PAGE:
It’s been mentioned before that I slip into depression from time to time. . . For me, it has never been of the suicidal variety, as you hear about so often. . . Rather, it is the spiraling, emotional, self-destructive, get lost in my own thoughts, want to sleep all the time variety. . . When I was younger, I kept a few journals. I don’t know if depression plagued me then, but I’ve always been an emotional, highly analytical person. . . As I got older, somewhere along the way, journaling fell to the wayside. I don’t know if I just didn’t have the patience for it any longer or if I simply & genuinely forgot all about it.

After my mother died when I was a teenager, & as the years went on, a recurring pattern of depression emerged. It always seemed the worst during the winter months. I never could tell if it was directly related to the decreased amount of sunlight in the Pacific Northwest or if it was simply the time of year — typically from beginning to mid-November all the way through January & a good chunk of February. My mother’s death was on January 11, 1999.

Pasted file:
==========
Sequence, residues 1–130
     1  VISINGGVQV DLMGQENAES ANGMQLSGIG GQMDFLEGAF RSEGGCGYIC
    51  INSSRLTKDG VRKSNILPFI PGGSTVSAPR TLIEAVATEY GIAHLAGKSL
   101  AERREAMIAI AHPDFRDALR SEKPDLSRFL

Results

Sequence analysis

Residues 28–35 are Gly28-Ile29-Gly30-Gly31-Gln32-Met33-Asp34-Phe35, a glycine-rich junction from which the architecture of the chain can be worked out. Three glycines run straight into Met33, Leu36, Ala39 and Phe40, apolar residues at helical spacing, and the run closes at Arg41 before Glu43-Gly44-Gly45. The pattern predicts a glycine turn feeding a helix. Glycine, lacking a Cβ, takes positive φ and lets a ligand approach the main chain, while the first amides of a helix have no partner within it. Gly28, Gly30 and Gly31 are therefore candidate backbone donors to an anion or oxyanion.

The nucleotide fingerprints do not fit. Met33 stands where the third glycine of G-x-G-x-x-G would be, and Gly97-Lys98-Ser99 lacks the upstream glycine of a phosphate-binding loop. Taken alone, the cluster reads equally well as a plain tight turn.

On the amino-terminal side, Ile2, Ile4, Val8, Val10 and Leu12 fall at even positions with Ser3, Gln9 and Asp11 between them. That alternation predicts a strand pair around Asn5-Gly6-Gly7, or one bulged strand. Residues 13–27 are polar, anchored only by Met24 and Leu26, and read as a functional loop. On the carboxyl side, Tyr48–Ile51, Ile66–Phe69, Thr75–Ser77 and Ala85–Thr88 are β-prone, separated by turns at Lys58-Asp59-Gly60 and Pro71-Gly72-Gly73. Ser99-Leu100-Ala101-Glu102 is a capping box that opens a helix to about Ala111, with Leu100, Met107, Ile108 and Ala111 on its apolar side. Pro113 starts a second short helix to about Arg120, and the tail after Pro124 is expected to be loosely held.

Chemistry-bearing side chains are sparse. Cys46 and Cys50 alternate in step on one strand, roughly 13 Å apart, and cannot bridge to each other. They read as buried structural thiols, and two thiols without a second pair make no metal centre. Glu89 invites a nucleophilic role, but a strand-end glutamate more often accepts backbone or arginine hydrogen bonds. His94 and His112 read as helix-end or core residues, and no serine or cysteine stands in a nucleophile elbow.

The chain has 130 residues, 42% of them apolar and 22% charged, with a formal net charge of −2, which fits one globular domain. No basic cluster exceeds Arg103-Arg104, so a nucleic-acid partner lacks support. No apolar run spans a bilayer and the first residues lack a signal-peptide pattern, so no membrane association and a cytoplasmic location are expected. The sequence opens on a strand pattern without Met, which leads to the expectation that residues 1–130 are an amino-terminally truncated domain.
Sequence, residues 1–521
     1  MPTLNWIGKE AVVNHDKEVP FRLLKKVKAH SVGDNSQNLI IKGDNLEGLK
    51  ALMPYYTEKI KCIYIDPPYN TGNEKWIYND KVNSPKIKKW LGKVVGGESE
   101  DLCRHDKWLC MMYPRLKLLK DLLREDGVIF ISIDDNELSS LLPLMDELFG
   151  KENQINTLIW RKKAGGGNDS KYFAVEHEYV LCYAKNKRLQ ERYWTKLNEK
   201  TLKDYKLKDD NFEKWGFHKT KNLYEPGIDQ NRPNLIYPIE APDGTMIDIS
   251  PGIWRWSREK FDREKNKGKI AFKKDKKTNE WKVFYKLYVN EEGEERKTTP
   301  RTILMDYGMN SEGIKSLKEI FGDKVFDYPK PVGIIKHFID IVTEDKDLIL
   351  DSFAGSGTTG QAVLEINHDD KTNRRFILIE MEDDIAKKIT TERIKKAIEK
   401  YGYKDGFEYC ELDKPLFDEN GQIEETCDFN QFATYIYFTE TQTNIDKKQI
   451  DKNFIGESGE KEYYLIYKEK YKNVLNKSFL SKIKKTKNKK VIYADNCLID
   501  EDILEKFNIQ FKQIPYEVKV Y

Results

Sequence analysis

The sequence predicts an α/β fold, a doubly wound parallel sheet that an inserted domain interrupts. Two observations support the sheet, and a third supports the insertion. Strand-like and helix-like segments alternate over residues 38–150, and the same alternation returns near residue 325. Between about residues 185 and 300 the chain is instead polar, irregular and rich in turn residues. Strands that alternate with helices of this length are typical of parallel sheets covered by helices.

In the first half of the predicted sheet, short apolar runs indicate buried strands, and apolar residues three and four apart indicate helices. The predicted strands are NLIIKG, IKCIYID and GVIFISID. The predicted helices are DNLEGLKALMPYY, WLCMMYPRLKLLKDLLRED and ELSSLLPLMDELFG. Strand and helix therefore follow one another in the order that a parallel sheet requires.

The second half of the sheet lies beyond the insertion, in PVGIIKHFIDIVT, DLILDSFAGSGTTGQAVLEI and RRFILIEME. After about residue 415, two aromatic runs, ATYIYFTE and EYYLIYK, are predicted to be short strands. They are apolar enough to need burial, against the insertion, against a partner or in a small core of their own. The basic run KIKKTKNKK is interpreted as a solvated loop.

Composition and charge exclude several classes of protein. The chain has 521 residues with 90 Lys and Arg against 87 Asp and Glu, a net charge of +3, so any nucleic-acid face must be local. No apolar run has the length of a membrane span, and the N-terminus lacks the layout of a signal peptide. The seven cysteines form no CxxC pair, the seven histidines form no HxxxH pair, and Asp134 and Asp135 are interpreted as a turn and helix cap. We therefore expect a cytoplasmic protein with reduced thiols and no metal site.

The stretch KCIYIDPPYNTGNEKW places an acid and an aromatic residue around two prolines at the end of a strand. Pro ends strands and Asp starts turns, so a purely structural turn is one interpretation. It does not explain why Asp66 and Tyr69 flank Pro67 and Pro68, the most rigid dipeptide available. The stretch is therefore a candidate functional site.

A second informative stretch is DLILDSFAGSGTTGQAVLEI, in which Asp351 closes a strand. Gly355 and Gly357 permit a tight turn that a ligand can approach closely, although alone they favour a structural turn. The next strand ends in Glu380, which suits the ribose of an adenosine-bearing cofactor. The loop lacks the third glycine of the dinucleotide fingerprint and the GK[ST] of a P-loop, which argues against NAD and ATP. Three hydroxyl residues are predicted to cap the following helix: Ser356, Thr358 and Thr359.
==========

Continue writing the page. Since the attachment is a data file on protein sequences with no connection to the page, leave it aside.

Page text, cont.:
I was 17-years-old & a senior in high school. At the time, I kept myself busy, hanging out with friends, working at my job at the local department store. . . Whatever I could do to keep my mind off the fact that my mother was in & out of the hospital, staying the night a couple of hours away, & coming home on the weekends or whenever her treatment for acute myelogenous leukemia (AML — apparently, one of the most aggressive forms) would allow.

To this day, I haven’t quite figured out which took hold stronger. . . Has it really been the memories of that last holiday season before my mother’s death that has me slipping into a depression every year? Or has it been my lack of sufficient amounts of Vitamin D in the grey winter months in Western Washington? Either way, most years, by the time January would roll around, I was at my worst. Between the anniversary of her death & then her birthday on February 5, I couldn’t resist the feeling of sadness & overwhelming helplessness. It’s hard to explain the feeling to anyone who hasn’t been there. . .

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As I wrote about how pregnancy is not beautiful, I knew that I would, inevitably, have to write a follow-up post soon after. Do not get me wrong. I believe every word of what was written. I feel everything that was talked about there. BUT, I do also think there is room for further discussion — if for no other reason than to satisfy my own desire to show “the other side of the coin.”

I suspect, as with anything that you’re not supposed to say, there’s a certain amount of controversy that can arise. I was horribly aware of this as I hit the button to publish that post. This isn’t necessarily to say that all of these things were brought to my attention. . . But, whether brought up by others or my own subconscious, there were a few questions or issues that I felt compelled to address. . . (more…)